Sarmizegetusa Regia: it was the capital and most important military, religious and political center of the Dacian state before the war with the Roman Empire.
It was the nucleus of a strategic defense system of six Dacian Fortresses of the Orăştie Mountains, used by Decebal for defense against the Roman conquest. The archaeological sites Sarmizegetusa is located in the village Gradistea Muncelului, Hunedoara County.
After the conquest of Dacia and its incorporation in the Roman Empire, the capital was moved to Ulpia Traiana ( Sarmizegetusa) located over 40 km away.
The dacian ruins of the Dacian fortress known as Sarmizegetusa Regia, were included in UNESCO World Heritage Sites.
It is not known certainly the pronouncement in Dacian language, and it is not known the meaning of the word. There are some assumptions, that according which the name is composed with two basic elements: zermi= rock, height and zeget = citadel , so the name will be translated as “High Citadel”.
Since Sarmizegetusa initially was not a military fortification, but a religious and civil settlement, etymology should be considered with certain reservation. It is possible that the name shows the sacredness of the place or that it was a royal fortress at the beginning.
Another theory says that the name has another meaning: “Sarmatians and Getae settlement” from the latin “sarmis et getusa”.
All this attempts to find the meaning of the name Sarmizegetusa generated theory that are only at the stage of hypotheses.
The fortress from the Gradistea Hill is the largest of the Dacian fortifications. Situated on a cliff of 1200 m high, the fortress was the strategic center of defense system from Orastie Mountains and included six citadels.
The fortress, a quadrilateral formed of massive stone blocks, was a construction on five terraces an area of about 30,000 m². Sarmizegetusa also contained a sacred area. Among the most important Dacian large circular sanctuaries is the Circular Calendar.
The walls of the fortress were 3 meters thick and 4 -4 meters high.
Nearby dacian wall, on an area of 3 km lies a large civil settlement, were can be seen many homes, workshops, warehouses, barns and water storage.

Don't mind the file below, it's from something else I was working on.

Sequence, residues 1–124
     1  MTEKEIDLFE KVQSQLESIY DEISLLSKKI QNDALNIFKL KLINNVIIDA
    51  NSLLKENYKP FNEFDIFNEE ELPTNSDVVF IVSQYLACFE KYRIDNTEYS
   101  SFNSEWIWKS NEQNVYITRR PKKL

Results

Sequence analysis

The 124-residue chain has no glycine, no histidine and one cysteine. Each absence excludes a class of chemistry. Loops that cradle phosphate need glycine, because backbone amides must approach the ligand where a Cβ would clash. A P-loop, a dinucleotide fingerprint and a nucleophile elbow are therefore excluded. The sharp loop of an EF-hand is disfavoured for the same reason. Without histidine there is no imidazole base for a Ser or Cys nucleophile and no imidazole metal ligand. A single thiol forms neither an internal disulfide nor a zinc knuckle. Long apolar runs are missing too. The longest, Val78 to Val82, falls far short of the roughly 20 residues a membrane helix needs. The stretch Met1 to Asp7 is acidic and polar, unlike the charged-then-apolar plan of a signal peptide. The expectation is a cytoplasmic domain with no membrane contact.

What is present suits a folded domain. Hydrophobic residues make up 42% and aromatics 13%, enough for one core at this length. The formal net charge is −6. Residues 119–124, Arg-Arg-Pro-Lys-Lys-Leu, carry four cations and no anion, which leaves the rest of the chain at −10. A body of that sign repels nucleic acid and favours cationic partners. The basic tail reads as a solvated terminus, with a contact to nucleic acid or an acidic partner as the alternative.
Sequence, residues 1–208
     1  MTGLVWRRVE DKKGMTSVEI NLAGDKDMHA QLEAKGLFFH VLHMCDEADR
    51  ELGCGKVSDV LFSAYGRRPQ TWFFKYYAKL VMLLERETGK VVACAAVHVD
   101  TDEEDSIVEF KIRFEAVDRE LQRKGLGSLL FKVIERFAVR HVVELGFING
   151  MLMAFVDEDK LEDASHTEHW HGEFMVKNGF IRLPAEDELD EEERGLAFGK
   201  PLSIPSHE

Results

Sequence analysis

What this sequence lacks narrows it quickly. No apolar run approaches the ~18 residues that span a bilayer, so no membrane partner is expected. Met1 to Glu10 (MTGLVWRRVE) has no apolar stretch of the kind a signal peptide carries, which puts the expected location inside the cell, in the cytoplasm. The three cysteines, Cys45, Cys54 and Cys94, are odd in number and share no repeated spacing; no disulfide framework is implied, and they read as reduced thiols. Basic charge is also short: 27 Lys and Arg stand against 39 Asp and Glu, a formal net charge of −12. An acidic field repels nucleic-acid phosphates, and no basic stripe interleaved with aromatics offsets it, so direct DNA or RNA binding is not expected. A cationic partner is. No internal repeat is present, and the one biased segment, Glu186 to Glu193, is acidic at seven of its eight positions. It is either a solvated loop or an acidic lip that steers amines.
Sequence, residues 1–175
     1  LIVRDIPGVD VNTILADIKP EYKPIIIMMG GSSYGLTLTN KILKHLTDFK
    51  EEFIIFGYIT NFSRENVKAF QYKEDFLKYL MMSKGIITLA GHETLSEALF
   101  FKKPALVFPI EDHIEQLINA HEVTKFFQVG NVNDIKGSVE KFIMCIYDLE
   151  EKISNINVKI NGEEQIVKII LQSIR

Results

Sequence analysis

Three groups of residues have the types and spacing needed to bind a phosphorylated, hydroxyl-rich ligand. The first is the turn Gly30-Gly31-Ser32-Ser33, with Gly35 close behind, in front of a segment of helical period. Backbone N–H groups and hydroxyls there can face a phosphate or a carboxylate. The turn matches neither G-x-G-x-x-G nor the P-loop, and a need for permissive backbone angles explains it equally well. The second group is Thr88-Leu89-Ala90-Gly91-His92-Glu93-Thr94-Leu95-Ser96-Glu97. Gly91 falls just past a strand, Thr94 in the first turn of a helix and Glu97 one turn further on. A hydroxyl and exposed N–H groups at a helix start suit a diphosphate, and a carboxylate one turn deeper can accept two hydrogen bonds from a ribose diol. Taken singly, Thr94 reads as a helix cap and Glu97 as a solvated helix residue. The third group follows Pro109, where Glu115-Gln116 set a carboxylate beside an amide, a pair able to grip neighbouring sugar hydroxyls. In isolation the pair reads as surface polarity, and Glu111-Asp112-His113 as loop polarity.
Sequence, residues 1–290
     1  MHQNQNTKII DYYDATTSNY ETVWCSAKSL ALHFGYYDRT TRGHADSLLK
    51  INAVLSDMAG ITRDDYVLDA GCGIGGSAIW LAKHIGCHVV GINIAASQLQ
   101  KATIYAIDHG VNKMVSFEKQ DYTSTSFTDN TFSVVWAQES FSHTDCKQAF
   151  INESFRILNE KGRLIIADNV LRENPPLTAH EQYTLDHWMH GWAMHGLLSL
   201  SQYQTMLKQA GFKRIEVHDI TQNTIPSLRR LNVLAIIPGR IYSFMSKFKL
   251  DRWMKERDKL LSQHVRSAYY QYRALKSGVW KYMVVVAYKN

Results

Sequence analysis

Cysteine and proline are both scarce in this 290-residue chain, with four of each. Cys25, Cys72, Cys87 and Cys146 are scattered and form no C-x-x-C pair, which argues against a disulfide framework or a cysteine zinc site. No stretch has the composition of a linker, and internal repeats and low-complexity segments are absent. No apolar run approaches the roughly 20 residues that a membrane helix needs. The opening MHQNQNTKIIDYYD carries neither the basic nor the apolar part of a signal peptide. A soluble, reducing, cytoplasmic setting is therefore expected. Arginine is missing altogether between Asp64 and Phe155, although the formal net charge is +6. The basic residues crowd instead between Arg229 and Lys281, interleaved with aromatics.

At 100 m to east, next to the city gate, are the sanctuaries that have various shape and size.
During the Roman hostilities the sanctuaries were destroyed and we don’t know for sure if it was one large sanctuary of 2 smaller built one next to each other.
Civilians were living near the fortress, on terraces build at the bottom of the hill. Dacian nobility had water in their residences, brought true ceramic pipes.
Archaeological inventory shows that Dacian society had a high standard of living.
The Dacian capital reached its peak under Decebal, Dacian king was defeated by the Roman Empire during the reign of Emperor Traian. After defeating the Dacians, the conquerors established a military garrison there and began to tear down the city.
The new Roman capital, Ulpia Traiana Augusta Sarmizegetusa was built at a distance of 40 km Sarmizegetusa. Emperor Hadrian wanted the new capital built by Traian to be perceived as a continuation of the Dacian one, and this is why he named it the same: Sarmizegetusa.
Today on the spot of Ulpia Traiana is the city Sarmizegetusa, from Hunedoara County.
All 6 fortresses from Orastie Mountains ( Sarmizegetusa Regia, Luncani – Piatra Rosie, Costesti – Blidaru, Castesti – Cetatuie, Capalna, Banita) that formed the Dacian fortifications defense system are now part of the UNESCO World Heritage.